What is the experience of a woman in corporate America today? She probably hears a lot about diversity initiatives from the leadership of her company, but she probably has precious little to show it, save a smattering of diversity days, mentoring programs, employee advocacy groups, and other gender programs. Boards and senior leadership at her company remain stubbornly male, and women continue to earn less than men for comparable work.
Why should you invest in women? Because it’s 2016. Because it’s the right thing to do. Because you want a better world for your daughter. But perhaps most importantly, because the business case for investing in women is now beyond compelling—in our opinion, it is overwhelming.
Heres what we know: we know that the retirement savings crisis is enormous; by some estimates, Americans are under-saved by up to $14 trillion.1 We know that this number, as large as it is, may in fact be understated, because it assumes Social Security and Medicare solvency ...a big if.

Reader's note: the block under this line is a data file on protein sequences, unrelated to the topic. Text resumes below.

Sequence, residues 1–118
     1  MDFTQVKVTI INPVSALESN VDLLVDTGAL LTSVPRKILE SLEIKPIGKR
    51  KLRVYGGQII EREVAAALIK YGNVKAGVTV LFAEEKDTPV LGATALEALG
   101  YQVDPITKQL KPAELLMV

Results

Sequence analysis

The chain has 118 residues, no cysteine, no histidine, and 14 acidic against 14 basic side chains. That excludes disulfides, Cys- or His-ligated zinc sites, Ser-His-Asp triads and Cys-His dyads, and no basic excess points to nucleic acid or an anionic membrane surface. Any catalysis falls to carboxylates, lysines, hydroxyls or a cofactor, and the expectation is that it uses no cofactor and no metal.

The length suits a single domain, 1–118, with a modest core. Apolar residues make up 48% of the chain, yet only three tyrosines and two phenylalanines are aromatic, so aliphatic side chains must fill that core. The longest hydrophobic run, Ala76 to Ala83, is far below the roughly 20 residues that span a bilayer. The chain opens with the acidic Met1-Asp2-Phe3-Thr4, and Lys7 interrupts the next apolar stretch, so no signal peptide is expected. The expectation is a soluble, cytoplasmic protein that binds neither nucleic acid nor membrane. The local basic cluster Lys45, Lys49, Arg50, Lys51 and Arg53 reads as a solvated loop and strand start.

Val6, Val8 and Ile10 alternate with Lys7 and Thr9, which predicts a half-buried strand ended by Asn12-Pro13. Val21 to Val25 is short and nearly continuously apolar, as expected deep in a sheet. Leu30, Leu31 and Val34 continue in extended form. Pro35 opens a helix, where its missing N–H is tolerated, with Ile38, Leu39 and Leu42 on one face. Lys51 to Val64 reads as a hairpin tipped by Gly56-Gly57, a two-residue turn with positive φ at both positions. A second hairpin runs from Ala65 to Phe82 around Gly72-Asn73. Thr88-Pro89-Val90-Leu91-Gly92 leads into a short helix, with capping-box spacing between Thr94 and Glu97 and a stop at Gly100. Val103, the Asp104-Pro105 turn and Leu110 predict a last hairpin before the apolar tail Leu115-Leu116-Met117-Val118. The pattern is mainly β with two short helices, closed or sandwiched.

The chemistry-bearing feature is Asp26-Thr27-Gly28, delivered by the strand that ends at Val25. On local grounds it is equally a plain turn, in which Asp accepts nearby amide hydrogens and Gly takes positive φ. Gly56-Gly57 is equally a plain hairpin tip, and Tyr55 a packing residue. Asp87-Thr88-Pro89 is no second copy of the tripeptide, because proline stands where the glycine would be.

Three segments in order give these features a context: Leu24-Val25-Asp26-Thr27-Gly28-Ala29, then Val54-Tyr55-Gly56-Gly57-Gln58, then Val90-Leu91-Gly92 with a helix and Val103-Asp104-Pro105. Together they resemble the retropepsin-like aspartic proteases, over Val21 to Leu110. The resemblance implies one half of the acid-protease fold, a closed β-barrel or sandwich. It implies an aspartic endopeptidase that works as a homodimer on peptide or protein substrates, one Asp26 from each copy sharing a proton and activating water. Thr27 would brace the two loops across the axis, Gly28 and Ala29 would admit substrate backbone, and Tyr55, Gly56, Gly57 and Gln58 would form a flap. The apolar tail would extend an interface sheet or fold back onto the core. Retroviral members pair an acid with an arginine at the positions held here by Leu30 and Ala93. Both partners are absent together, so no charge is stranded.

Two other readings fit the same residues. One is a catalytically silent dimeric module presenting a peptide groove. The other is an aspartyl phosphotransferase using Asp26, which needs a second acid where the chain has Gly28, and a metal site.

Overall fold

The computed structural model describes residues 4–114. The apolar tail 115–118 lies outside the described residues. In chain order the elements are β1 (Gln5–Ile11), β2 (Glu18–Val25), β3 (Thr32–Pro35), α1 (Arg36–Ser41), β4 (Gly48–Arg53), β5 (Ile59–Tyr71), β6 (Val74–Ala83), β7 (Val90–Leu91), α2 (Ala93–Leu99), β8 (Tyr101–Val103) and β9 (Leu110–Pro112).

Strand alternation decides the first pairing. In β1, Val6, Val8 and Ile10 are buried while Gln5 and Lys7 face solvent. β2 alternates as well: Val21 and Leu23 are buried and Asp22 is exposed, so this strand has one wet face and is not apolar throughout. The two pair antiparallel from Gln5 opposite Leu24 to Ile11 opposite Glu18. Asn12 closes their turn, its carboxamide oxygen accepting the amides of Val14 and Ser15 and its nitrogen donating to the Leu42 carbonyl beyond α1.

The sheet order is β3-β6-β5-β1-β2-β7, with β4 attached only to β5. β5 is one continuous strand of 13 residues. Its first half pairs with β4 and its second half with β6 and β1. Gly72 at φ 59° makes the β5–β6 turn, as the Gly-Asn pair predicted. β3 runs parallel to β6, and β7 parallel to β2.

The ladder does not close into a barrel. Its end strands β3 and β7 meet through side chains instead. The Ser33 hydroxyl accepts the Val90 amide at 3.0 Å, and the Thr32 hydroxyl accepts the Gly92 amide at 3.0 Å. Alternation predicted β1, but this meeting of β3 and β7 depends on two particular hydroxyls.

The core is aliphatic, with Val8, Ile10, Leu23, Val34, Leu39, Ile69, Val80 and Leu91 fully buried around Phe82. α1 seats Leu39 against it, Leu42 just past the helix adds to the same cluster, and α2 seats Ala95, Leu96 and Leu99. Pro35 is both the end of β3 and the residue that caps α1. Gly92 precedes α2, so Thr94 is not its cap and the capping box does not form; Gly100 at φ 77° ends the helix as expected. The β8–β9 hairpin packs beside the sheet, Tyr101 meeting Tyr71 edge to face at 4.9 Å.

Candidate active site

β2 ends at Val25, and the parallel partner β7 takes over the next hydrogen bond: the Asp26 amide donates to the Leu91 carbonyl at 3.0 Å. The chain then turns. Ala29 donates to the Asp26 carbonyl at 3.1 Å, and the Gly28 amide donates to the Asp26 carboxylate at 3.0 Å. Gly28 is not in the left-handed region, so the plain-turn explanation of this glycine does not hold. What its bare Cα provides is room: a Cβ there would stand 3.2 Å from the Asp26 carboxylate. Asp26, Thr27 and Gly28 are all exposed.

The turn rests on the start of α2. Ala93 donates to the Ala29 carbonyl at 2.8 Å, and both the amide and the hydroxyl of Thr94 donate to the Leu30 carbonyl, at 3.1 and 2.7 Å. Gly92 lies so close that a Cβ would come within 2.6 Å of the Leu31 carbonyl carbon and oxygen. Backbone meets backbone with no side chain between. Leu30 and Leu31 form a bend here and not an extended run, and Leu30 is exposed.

Ok, you understand the importance of diversity in your company. You've likely seen the research that points to better business results. Or maybe you intuitively recognize that your customer demographics are shifting, and this will help you address them. Or maybe you view this as a fairness issue, or any of dozens of other reasons.